# Kinetic energy in parabolic coordinates

1. Jul 16, 2011

### QuArK21343

1. The problem statement, all variables and given/known data

Prove that in parabolic coordinates $\alpha,\beta$ the kinetic energy is $T=m/8(\alpha+\beta)(\dot\alpha^2/\alpha+\dot\beta^2/\beta)$

2. Relevant equations

Parabolic coordinates are defined as follows: $\alpha=r+x, \beta=r-x$ with $r=\sqrt{x^2+y^2}$

3. The attempt at a solution

I don't know how to proceed in this situation: in simpler case (spherical or cylindrical coordinates) I write down the three components of velocity using geometrical intuition (e.g. $v_\rho=\dot \rho, v_\phi=\rho \dot\phi,v_z=\dot z$, because I see they are right...). What if I get only the definition of the new coordinates?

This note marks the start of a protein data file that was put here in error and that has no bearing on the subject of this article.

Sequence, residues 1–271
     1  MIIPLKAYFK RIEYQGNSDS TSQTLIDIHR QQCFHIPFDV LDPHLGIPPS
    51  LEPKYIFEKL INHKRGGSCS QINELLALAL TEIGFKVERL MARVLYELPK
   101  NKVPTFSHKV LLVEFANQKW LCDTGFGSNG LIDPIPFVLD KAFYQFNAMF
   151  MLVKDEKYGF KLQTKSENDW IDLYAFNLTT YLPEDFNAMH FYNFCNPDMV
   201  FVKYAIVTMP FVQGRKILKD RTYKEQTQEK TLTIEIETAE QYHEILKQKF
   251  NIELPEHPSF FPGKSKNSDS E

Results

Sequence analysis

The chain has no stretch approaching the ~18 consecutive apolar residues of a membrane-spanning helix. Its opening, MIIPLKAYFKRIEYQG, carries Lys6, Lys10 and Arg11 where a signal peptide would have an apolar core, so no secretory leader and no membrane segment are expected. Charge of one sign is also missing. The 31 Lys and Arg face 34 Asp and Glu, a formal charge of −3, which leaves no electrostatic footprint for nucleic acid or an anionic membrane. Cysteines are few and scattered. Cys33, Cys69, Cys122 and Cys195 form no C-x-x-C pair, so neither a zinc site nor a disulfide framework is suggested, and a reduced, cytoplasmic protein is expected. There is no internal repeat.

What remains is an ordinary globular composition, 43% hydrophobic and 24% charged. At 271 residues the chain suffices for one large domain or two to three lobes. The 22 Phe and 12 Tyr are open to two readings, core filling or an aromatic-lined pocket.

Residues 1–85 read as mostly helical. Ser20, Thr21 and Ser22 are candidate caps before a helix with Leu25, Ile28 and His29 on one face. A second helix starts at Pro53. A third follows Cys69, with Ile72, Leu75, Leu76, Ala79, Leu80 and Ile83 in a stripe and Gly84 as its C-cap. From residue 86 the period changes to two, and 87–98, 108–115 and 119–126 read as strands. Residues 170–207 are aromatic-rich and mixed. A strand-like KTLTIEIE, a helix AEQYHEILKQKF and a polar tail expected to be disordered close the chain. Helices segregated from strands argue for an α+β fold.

2. Jul 16, 2011

### Redbelly98

Staff Emeritus
Welcome to physics forums.

I think the key here is to get x and y in terms of $\alpha, \beta$. And you hopefully already know how to express the kinetic energy in x, y coordinates, right?

3. Jul 16, 2011

### QuArK21343

That's right! I check explicitly and it works. Now that I have the kinetic energy, it will be doable to write down the equations of motion. Thank you.

4. Jul 16, 2011

### Redbelly98

Staff Emeritus